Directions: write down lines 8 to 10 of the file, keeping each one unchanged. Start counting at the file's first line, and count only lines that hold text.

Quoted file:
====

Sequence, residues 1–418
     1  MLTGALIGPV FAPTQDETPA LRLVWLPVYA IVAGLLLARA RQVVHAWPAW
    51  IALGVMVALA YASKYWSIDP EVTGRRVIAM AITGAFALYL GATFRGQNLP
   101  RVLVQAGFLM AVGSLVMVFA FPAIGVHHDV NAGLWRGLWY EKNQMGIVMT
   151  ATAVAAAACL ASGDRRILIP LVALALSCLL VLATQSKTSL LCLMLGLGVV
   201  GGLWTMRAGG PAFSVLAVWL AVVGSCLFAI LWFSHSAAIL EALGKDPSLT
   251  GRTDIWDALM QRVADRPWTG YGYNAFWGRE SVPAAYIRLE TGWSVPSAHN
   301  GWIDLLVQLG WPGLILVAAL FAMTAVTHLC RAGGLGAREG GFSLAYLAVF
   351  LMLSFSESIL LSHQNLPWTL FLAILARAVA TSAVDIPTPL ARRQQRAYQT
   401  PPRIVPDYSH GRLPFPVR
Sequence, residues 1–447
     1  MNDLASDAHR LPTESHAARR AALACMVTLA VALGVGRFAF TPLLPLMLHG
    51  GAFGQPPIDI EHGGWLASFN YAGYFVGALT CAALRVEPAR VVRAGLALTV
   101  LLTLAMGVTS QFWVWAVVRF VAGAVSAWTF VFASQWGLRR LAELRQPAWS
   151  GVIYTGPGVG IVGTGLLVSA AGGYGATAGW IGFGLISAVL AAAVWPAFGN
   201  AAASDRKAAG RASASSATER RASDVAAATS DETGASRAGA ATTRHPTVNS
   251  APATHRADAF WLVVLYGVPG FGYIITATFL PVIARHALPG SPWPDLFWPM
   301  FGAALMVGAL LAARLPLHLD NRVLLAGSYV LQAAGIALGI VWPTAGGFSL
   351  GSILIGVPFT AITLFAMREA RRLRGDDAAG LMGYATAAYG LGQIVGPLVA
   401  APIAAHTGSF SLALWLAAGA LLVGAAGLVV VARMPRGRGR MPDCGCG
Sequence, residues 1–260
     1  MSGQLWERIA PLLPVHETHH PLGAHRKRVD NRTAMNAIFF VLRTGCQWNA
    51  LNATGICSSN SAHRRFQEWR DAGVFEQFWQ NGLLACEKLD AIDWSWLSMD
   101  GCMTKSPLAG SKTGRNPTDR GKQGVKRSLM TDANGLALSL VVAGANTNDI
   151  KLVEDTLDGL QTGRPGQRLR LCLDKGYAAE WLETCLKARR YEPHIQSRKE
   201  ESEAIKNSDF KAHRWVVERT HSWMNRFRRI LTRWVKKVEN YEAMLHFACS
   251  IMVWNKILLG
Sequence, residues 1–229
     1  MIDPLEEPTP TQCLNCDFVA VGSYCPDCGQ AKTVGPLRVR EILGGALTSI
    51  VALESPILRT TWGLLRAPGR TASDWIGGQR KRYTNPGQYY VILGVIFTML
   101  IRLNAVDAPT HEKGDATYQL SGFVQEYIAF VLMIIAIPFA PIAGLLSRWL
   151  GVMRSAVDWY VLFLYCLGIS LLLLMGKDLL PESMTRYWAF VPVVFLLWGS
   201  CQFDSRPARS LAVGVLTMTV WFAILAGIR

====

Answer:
   301  GWIDLLVQLG WPGLILVAAL FAMTAVTHLC RAGGLGAREG GFSLAYLAVF
   351  LMLSFSESIL LSHQNLPWTL FLAILARAVA TSAVDIPTPL ARRQQRAYQT
   401  PPRIVPDYSH GRLPFPVR